Auersperg went on to write that “a couple of our members were either taken out of context, misquoted, or just plain wrong in making a statement that Baileys discourages minorities from joining our club.”

“Let me be very clear, as President of this Club, and behalf of my fellow Governors and management, we do not discriminate against any race, religion, or ethnic background when it comes to our membership process or to the hiring of our staff — I can assure you that there is no one on our Board of Governors who would ever tolerate such an offensive practice,” he wrote.


Auersperg reiterated the statement released was the only one the club planned to make to the news media.

“We ask you to use the same restraint and to be mindful of any comments you make to avoid these kinds of devastating mischaracterizations,” Auersperg wrote.

Whitehouse says he made a ‘mistake’ in accepting the premise of the reporter’s question, which was inaccurate.

Whitehouse also released a follow-up statement on Wednesday, in which he said he was caught off guard last week by the reporter’s question.

“I was attending an unrelated event and wasn’t prepared for the question,” he said. “At the time, I made the mistake of accepting her premise. I then checked the assertion and was assured that, first, the assertion was wrong, there is diversity in the membership and there are non-white club members; and second, that improving diversity remains a priority and an active task for the club’s new board.”


Whitehouse also addressed calls that he should resign from the club.

“I have no membership to resign, nor will I ask my wife or any other family members to do so,” he said. “First, they are on the right side of pushing for improvements. Second, and more importantly, my relationship with my family is not one in which I tell them what to do.”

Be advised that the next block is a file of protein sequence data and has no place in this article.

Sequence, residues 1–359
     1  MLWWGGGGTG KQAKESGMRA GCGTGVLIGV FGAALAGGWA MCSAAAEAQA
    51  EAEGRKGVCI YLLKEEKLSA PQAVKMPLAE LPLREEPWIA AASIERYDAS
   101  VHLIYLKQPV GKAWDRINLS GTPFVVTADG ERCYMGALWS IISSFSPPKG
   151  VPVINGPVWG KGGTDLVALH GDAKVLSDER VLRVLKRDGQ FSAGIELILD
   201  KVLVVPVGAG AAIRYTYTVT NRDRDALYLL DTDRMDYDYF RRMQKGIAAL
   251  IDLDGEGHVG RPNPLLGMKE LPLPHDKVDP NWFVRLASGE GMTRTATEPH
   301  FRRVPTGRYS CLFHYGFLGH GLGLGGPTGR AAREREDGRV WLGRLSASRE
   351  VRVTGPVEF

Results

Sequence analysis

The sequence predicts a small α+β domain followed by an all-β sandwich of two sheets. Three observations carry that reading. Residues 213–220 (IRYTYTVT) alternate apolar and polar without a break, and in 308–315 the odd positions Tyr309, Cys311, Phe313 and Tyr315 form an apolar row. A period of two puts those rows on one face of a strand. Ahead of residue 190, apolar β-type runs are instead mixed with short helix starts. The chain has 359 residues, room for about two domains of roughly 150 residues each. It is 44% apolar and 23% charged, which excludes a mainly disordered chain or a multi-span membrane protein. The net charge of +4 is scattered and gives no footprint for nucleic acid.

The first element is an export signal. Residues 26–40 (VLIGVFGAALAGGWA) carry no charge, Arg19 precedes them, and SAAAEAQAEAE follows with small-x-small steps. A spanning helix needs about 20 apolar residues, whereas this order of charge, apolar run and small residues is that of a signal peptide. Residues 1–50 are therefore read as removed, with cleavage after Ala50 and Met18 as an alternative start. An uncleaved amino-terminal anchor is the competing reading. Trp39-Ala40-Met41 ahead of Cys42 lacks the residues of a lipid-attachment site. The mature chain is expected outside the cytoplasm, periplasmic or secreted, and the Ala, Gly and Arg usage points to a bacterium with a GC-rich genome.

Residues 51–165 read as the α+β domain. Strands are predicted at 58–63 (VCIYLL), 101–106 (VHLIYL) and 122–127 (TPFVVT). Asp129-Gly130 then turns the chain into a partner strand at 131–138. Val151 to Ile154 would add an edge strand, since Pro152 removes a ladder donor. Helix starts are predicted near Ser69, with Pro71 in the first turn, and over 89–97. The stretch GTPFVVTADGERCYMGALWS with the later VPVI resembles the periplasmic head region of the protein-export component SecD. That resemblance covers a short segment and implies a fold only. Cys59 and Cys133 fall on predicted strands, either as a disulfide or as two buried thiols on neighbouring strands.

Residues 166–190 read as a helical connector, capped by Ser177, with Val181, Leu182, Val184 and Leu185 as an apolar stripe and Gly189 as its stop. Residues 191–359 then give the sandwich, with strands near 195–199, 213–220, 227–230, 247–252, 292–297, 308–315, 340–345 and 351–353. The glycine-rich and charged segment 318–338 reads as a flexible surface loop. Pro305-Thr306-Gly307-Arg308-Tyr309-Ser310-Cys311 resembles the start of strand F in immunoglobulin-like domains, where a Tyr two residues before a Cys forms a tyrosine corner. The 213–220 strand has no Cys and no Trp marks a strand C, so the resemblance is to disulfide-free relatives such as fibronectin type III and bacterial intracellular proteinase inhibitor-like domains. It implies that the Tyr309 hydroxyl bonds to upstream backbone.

Earlier this week, several of Whitehouse’s Congressional colleagues defended Whitehouse.

“I don’t know anything about the club, but I do know that Senator Whitehouse is an aggressive champion for justice, inclusiveness, and people from all walks of life,” fellow Rhode Island U.S. Sen. Jack Reed told reporters Tuesday, WPRI reports. “It’s who he is and what he fights for every day.”


Congressman David Cicilline wrote on Twitter: “Sheldon Whitehouse has been a fighter for racial and economic justice his whole life. Full stop.”

And Congressman Jim Langevin also wrote on the social media platform: “I know
@SenWhitehouse’s heart, and I’ve seen his relentless work fighting for equity for all Rhode Islanders firsthand. Anyone suggesting otherwise is dead wrong.”

The controversy has, however, apparently prompted Whitehouse to take a closer look at his other affiliations, particularly if any organization Whitehouse is close with involves “inequitable or exclusionary policies,” he said.

“While I am not a member of the beach club, I do own a boat and belong to a sailing club in Newport,” he said. “While this club does not have exclusionary rules for membership, it does lack diversity.


“Failing to address the sailing club’s lack of diversity is squarely on me, and something for which I am sorry,” Whitehouse continued. “I commit to working with the club and the community to build a more inclusive membership and to better connect with the local community.”

The senator also acknowledged the country’s “long history of injustice and practices that have exluded minorities from housing, schools, and opportunities to climb the economic ladder.”

“I pledge to continue doing all I can as Senator to overcome that history and work toward greater diversity and justice in all areas of society,” Whitehouse said.